Chaparral girls finish off Denver East to reach Great Eight


The league matters, and don't try to tell Chaparral girls basketball coach Tony Speights otherwise.

The Wolverines finished fourth in the Continental League, which few in their right mind would argue isn't the best in the state, earning a No. 3 seed in the Alice Barron Regional for the 5A tournament. Denver East, their opponent the March 5 Sweet 16 game, again went unbeaten in the Denver Prep League, winning its eight games by an average of almost 30 points en route to garnering a No. 2 seed.

Speights was convinced the difference in competition was the major difference in Chaparral's 55-48 victory at the Thunderdome at Manual High School, a win that sends the Wolverines back to the Denver Coliseum for their second quarterfinal appearance in three years. Chaparral (19-5) will face No. 1 seed Grandview on March 7.

“Here's the biggest thing: we thought that they hadn't played 32 minutes of basketball in a long time because of the league they play in,'' Speights said after Chaparral outscored East 39-30 in the second half after a sloppy opening 16 minutes by both teams. “They haven't lost a game in their league in 10 years, and in our league we're forced to play.

“We get beat by (Highlands) Ranch, they make us play 32 minutes. We take Regis to the end. At Rock Canyon we play 32 minutes. Even when we played Monarch last week (second round), we had to play 32 minutes to win.

“So one of our keys is, when we play 32 minutes, we win.''

The senior-laden Wolverines got a big boost from 6-0 junior Natalie Baker along with oft-injured Kendall Heitmeier, a 6-0 senior. Baker led Chaparral with 17 points, including six in the second quarter after East (20-5) had gone ahead 15-8. The Wolverines cut the deficit to 18-16 at, and it was nip-and-tuck until Heitmeier hit a 3-point basket that put her team ahead for good, 44-42, with 5:40 left. The Angels made it 49-48 on a 3-pointer by Michelle Cox with 1:40 left, but finished the game with six unanswered points.

After shooting 23 percent in the first half, Chaparral settled in and was 10-of-21 in the second half to East's 11-29 (6-12 in the third quarter.) The Wolverines made their first 14 free throws and finished 23-of-30 compared to 9-19 for the Angels.

Dayton DeMarais had 12 points for Chaparral, including 8-of-8 from the foul line, and Kyleigh Rees and Katrina Bacovcin each had 8.

“We got the butterflies out,'' said Baker. “We knew what we wanted to accomplish. We're all a bunch of seniors except me, so we know what we want to do and we had it in us. We know each other, we know what we're going to do. Our chemistry's definitely good.''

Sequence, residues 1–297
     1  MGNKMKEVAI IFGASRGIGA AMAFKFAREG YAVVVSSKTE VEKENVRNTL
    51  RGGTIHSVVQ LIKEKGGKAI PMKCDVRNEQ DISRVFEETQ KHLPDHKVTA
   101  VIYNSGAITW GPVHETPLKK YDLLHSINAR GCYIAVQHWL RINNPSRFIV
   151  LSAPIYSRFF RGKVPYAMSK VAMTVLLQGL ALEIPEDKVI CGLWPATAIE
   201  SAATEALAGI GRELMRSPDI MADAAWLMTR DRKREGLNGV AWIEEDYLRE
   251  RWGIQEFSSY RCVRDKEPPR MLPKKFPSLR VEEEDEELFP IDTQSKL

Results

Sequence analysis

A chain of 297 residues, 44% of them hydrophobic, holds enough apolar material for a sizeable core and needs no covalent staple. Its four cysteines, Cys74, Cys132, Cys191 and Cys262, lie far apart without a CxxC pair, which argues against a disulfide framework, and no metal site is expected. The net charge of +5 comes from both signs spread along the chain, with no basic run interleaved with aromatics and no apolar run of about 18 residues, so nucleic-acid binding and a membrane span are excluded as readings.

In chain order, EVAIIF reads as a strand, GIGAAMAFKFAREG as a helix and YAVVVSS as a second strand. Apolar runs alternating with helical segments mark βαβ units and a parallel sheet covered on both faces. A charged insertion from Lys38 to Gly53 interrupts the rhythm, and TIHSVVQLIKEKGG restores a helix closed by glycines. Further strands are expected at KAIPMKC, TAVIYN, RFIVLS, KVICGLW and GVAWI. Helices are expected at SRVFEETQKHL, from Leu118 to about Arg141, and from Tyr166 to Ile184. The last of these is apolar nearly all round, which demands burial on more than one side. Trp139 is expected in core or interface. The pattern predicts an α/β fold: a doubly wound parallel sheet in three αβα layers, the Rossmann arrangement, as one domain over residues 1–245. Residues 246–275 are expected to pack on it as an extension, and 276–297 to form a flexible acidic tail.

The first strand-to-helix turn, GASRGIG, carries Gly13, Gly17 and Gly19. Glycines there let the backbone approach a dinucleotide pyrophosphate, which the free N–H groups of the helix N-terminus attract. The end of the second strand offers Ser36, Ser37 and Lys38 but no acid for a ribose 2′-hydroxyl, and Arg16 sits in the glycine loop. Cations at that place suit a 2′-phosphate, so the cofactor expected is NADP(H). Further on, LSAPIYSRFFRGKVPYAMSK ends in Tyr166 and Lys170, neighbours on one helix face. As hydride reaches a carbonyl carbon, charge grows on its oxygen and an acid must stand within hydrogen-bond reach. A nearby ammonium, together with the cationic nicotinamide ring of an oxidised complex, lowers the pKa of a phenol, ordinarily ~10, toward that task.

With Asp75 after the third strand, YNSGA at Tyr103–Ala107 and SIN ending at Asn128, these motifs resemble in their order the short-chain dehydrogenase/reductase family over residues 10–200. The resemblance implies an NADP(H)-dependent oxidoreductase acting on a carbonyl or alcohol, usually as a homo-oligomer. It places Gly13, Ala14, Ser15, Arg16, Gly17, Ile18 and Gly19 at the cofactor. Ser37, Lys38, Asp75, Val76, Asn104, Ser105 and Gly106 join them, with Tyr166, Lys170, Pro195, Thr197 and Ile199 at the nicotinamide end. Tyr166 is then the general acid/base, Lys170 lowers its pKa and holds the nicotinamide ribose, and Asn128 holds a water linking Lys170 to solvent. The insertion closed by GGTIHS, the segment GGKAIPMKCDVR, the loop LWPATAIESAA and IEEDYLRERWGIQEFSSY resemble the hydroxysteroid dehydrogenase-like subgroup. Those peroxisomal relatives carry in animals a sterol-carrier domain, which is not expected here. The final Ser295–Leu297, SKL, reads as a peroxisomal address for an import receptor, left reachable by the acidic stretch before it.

Heitmeier, came off the bench to score seven points. She's just happy to be playing again after missing most of the Continental League season with a foot stress fracture. Heitmeier also missed last season with a knee injury and suffered a broken nose as a sophomore.

“They played her a little soft in the first half,'' Speights said. “I told her that to get the drive she's going to have to shoot the 3. She got the 3 from the left side and it was just a huge, huge momentum deal.''

East's inside game - particularly 6-1 Francesca Kelly - kept the Angels, who had just one 3-pointer, in the game. Kelly, who was joined by another big body in 5-10 Khadijah Vigil, had a game-high 24 points but was 1-of-5 from the foul line with a miss on the front end of a one-and-one in the final 4:28.

“They had it going down under, so we had to stop that and stop Frannie,'' Baker said. “She's a great player.''

Speights turned to a 2-3 zone after Kelly scored six of East's eight unanswered points to start the game, and it was especially effective in the second quarter when the Angels were 1-for-12 shooting over the final seven minutes.

“I feel we just ran out of gas,'' said East coach Dwight Berry. “Our go-to player, she might have run out of gas. We had our opportunities. We were right there at the basket, and we've got to finish it.

“Kudos to Tony and Chaparral, they earned the win. They played a complete four quarters and we played 3 ¾. That's why they won the game.''

“Their kids play about three quarters a night, so it's how do we put East in a situation where they have to make decisions,'' Speights said. “That's what we did to them, and we made better decisions late because we've been in that situation before.''


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